Health of the planet can be improved by companies' people-centred growth, says new study
There may be a path for companies to 'grow graciously' without causing harm to the planet, according to new research from the University of Surrey.
Using the high-fashion brand Brunello Cucinelli as a case study, researchers recommend shying away from one-off, large events and instead focusing more on embedding sustainability into everyday processes to make a real positive impact on the planet's health.
Brunello Cucinelli's decisions to select suppliers for their sustainability approach and staff treatment and localising the supply chain to reduce carbon footprint and support the local economy, are just two examples of policies that companies can install to promote gracious growth.
Professor Tazeeb Rajwani, co-author of the study at the University of Surrey, said:
"If we are at all serious about improving the health of our planet, we will need to address how the byproducts of growth impact our environments.
"Our research and work with Brunello Cucinelli centres on gracious growth - a philosophy that puts humanity and our planet at the heart of business strategy and operations. Simply, it is people-centred capitalism that combines profit and human dignity. This philosophy also applies to not only internal employees but also to the broader array of stakeholders surrounding the company."
Surrey's research team was given extraordinary access to the Brunello Cucinelli business and was able to conduct a series of interviews, collecting archival financial and logistical information for observation to assist in the completion of the study.
Brunello Cucinelli is a leading Italian luxury fashion company that designs, manufactures, and distributes men's and women's clothing and accessories collections.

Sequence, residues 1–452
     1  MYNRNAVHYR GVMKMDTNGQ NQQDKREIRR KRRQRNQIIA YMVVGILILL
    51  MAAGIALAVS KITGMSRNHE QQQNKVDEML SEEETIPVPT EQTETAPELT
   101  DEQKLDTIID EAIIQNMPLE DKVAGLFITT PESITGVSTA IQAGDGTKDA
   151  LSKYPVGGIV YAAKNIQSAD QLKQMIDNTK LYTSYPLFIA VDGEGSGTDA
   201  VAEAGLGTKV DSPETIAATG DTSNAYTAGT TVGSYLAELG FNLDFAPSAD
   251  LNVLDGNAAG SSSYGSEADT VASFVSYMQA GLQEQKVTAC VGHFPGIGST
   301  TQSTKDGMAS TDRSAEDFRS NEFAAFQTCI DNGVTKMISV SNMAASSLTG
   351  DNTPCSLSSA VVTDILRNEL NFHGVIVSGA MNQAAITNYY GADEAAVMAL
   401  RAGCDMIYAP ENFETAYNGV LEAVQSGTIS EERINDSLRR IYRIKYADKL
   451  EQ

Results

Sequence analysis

The University of Surrey is a research-intensive university producing world-leading research that transforms lives and changes the world for the better. Sustainability is an institution-wide area of research focus, delivering multi-disciplinary research to tackle the many challenges of climate change. The University is also committed to improving its own resource efficiency on its estate and being a sector leader. It has set a commitment to be carbon neutral by 2030. A focus on research that makes a difference to the world has contributed to Surrey being ranked 55th in the world in the Times Higher Education (THE) University Impact Rankings 2022, which assesses more than 1,400 universities' performance against the United Nations' Sustainable Development Goals (SDGs).
Notes to editors
- Reference: Tahiru Azaaviele Liedong, Paolo Taticchi, Tazeeb Rajwani, Niccolò Pisani; Gracious growth: How to manage the trade-off between corporate greening and corporate growth; Organizational Dynamics; 2022, https://doi.org/10.1016/j.orgdyn.2022.100895Get
- Professor Tazeeb Rajwani is available for interview upon request.
- Contact the University of Surrey's press office via email@example.com.